Love, the Earth and the greenest candle options (Part 2)

RESIZE2012 326 Thank you all for waiting patiently for Part 2 of this article to be written.    If you haven’t read Part 1, please do.  So, let’s continue the love post-Valentine’s Day and explore more important sustainable candle choices:

Choose Rainforest Alliance Certified Palm Wax candles. Palm oil and palm wax have gotten a very bad environmental rap due to the  deforestation and the destruction of orangutan habitats that most palm tree farming cause.  Fortunately, more sustainable ways of cultivating palm oil exist. Aloha Bay candles are made with Rainforest Alliance Certified Palm Wax.

Choose candles made from beeswax. Beeswax candles are another excellent Earth-friendly choice, especially from a local source and/or  sustainable beekeepers.

Stop purchasing candles made from paraffin. The majority of candles sold in the United States, unless purchased from a holistic market place and specifically labeled as made from beeswax, soy and/or palm wax,  are made from paraffin.  What is paraffin?  It’s a petroleum byproduct.  Burning it releases neurotoxins and carcinogens into the air such as toluene, benzene and hydrocarbons.  Yikes!  Burning paraffin candles also releases a superfine soot into the air which can cause irritation and damage in the lungs.  Beeswax, soy wax and palm wax candles, on the other hand, burn much more cleanly. Another downside to paraffin candles is that they are a byproduct of the very  polluting industry of fossil fuels.  Not only is serious damage done to air and waterways by oil refineries, but they also pose health risks, such as respiratory issues and cancer, to the people who live near them.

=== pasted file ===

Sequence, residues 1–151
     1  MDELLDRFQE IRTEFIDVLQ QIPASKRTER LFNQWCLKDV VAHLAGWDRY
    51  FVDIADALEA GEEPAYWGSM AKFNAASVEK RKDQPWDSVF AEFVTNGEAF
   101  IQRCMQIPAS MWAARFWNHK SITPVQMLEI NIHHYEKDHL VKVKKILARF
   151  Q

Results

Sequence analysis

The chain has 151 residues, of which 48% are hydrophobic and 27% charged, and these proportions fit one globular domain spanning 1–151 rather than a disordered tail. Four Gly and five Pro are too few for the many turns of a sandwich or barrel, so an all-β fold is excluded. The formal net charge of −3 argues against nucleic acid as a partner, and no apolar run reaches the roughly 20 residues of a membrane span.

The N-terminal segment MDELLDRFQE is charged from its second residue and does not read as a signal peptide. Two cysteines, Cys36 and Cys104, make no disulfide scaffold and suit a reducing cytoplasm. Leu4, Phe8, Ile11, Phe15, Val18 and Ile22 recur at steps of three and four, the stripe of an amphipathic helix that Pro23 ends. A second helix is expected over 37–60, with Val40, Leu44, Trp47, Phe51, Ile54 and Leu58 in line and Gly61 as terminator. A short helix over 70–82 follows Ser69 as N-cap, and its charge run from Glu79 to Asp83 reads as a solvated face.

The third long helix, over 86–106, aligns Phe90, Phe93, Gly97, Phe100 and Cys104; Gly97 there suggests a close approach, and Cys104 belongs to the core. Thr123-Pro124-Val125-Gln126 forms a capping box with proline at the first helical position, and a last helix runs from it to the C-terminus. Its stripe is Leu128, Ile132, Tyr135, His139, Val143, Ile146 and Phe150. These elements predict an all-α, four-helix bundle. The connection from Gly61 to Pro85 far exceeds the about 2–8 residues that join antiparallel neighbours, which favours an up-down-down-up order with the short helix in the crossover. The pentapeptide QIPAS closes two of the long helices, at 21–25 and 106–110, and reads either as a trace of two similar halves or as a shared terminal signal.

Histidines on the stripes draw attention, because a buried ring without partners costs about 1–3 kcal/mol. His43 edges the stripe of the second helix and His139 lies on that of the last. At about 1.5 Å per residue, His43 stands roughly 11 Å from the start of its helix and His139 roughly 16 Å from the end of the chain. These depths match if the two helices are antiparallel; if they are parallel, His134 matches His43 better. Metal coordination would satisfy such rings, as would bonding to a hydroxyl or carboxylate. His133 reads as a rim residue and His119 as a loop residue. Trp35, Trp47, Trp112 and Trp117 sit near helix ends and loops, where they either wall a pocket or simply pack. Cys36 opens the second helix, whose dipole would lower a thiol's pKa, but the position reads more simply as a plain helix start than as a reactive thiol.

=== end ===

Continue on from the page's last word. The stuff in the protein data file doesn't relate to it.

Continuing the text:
Choose eco-friendly packaging and other candle materials. Is the wick lead-free (it should be since lead wicks were outlawed in the U.S. in 2003) and made of cotton or hemp?  Is the candle naturally dyed or dye-free (you may have to contact the candle  company to find out)?  How is the candle packaged?  Does it come in a box made of post-consumer recycled content?  Does the candle sit in glass or is it a pillar candle? I like the idea of candles that come in jars (where the neck is narrower than the base) so they can be recycled or reused like you would a mason jar.  NYC Sanitation does not accept non-jar shaped glass for recycling.   I also love pillar candles and minimally packaged candles that use less resources.  I like to put my pillar candles in old candle votive containers. I’ve also seen candles nestled sweetly in glass that used to be a wine bottle.  I love creative repurposing! There are so many fun, creative green options out there to play with.  Enjoy the exploration!

Some eco-friendly, clean burning candles:

There are so many other sustainable candle makers.  I trust you will poke around on the following websites and do you own fun research:

Also, if you want to know more info about the risks of using fragrance in candles and cosmetics, read these articles:

 

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One response to “Love, the Earth and the greenest candle options (Part 2)

  1. Super helpful. Thank you! I’ve been wanting to get some candles. This is a great resource. 🙂

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